Martyn James, of the consumer complaints website Resolver, said: “It is outrageous that the people who have chosen to help airlines by accepting vouchers are now being told that they cannot redeem them for vouchers. money if they can’t or can’t use them. ”
He said: “There is a real sense of anger about the behavior of some airlines, given the customer service issues and the ignorance of the refund rules that took place when the lockdown began. If the industry is to get us back on planes, it has to be fair. ”
British Airways was among a number of airlines to remove the refund option from its website in March, persuading passengers to apply for vouchers instead.
Initially, they could not be redeemed online and passengers were directed to a phone line that was often cut due to demand. The airline then began issuing vouchers online and now allows customers to convert up to three vouchers into one mega voucher. This can be redeemed through the website, but only after applicants call the busy helpline to acquire it.
However, none of his vouchers are valid for extras such as reserved seats or checked baggage. They cannot be transferred to other passengers and cannot be used to pay the balance of previously booked trips.
A BA client writing on the MoneySavingExpert website said she spent nearly two hours on the site and the company’s phone line trying to book a canceled break.
She said she had almost £ 100 left after exchanging her voucher, but had to pay £ 40 separately to reserve seats on her new flight, while the unpaid balance was put on a new voucher.
Another BA customer, Christine Grieve, said the website refused to accept her promo code when she tried to book replacement flights. She was ordered to call a number that was never answered and ultimately paid the bill herself.
BA sent him a new voucher which can be used online after the Guardian contacted, but said it could not be applied retrospectively and should be used for a future booking.
EasyJet has also removed the refund option from its website and insists that consumers use the vouchers through the same channel they used to request them. This means that vouchers requested over the phone can only be used over the phone and only one voucher can be used for each booking.
One customer, Peter Bunbury, was assured the process was “hassle-free” when he accepted a voucher instead of a refund. “Now I find that I have to phone customer services to arrange the flights and I wasted an hour trying in vain to pass,” he said.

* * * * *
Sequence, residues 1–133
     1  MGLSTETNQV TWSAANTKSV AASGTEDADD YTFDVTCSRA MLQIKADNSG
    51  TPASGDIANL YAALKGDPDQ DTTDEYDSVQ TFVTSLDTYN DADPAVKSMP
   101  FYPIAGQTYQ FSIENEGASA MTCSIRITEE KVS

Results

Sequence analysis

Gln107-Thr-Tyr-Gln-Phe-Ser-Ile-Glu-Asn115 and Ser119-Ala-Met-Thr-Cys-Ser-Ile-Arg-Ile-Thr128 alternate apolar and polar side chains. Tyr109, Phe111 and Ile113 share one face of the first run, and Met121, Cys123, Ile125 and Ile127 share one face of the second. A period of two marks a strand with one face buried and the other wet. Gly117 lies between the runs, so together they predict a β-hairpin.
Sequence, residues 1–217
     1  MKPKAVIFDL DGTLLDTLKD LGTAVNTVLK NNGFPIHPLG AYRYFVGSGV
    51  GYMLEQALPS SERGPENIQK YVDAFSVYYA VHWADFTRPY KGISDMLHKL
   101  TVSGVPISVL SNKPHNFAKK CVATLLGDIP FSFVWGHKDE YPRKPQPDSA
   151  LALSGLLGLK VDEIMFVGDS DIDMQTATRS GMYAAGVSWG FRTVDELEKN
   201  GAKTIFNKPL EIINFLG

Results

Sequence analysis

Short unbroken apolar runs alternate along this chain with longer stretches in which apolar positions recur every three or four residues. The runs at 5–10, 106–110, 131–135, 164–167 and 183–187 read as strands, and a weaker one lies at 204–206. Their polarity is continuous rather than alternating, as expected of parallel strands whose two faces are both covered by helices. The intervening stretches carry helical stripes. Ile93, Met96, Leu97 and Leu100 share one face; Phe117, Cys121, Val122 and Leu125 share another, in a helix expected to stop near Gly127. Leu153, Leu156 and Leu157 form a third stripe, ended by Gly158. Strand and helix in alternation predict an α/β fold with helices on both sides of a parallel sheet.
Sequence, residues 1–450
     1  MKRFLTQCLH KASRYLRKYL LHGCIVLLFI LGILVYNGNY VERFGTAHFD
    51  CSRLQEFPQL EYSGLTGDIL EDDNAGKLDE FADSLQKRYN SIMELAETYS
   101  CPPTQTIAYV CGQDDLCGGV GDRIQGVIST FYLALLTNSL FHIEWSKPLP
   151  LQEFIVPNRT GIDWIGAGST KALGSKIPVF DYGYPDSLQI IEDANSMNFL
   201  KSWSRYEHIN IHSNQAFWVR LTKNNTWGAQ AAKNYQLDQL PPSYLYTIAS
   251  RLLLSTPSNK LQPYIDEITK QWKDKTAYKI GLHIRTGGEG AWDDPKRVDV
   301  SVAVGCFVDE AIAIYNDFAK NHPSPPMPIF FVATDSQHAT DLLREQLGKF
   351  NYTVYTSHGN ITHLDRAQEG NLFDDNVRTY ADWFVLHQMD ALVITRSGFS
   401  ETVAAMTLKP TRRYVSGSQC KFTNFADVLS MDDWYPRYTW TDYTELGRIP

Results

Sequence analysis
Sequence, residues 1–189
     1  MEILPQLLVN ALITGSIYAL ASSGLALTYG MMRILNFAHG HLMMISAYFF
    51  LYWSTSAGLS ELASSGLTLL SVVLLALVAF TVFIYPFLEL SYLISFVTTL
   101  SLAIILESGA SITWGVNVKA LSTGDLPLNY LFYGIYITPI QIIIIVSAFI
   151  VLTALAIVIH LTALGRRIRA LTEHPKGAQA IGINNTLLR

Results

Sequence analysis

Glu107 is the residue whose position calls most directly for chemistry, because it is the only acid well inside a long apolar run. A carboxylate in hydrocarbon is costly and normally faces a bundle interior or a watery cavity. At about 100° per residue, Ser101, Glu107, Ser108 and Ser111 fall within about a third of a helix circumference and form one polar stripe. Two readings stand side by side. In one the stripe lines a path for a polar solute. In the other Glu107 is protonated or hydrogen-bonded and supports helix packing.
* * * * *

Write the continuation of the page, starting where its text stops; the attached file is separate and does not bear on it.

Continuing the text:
Another, Georgia Beattie, struggled to redeem her voucher on the easyJet website and saw the price of the flight double to £ 120.
She spent four hours trying to access customer services and eventually paid the rate herself. Since then, she has not been able to get her voucher refunded.
On its website, BA has a long section on the ins and outs of using vouchers, including details on what they can and cannot be used for.
He explains that some of the vouchers are to be used over the phone and warns customers, “Call volumes are extremely high at the moment due to the unprecedented circumstances, so please consider us if it takes us a while to help you. to book. ”
Customers who booked through travel agents also encountered issues. Clare Morris attempted to use a voucher worth £ 448 to purchase tickets through online agent Mytrip.com after flights with Polish carrier Lot were canceled.
She found flights costing £ 311 and tried to change reservations but was told she couldn’t buy them with her voucher. After calling the agency she received £ 636 for the tickets.
“I had been told that a voucher was my only option,” she said. “The flights I want to book are £ 137 less than the original fare and every time I question the supplement the call center agents hang up on me. ”
The terms and conditions of his voucher state that it must be redeemed within three months for departing flights by the end of the year and that it cannot be used to pay for incidental products such as seats. reserved and checked baggage.
Mytrip told The Guardian that according to airline rules, vouchers can only be used in the same booking class they originally purchased for or in a higher booking class.
“As such, when the customer found cheaper tickets, in a lower booking class, for the same trip, we couldn’t honor them,” he said.
“Travel agencies like us are obligated to follow airline pricing rules in accordance with the contract.”
He said his agent erred in refusing a refund. Morris disputed that the flights were in a lower class, but has now been reimbursed the original fare.
Another vacationer, Stephen Colgan, has been told by his travel agent, Voliamo, that he would have to accept a voucher when his flights to the United States were canceled in April.
His Voliamo account was credited with £ 1,811 which he recently tried to use to make a new booking.
However, when he tried to buy tickets he was told he would have to pay an additional £ 466 even though the new fares were cheaper than the original fare. Voliamo did not respond to a request for comment.
According to the Association of British Travel Agents (Abta), customers have the right to exchange a voucher for a refund if it does not cover the cost of a new booking.
“If customers booked through a third-party agent, the agent may choose to charge a fee in addition to the original rate, but this must be specified at the time of booking,” said Abta spokesperson Sean Tipton .
“Agents shouldn’t charge an additional fee on top of the new airfare when customers use a voucher to book a replacement flight with their original airline. Customers always have the right to go directly to the airline for a refund, even if they have been booked by a third party. “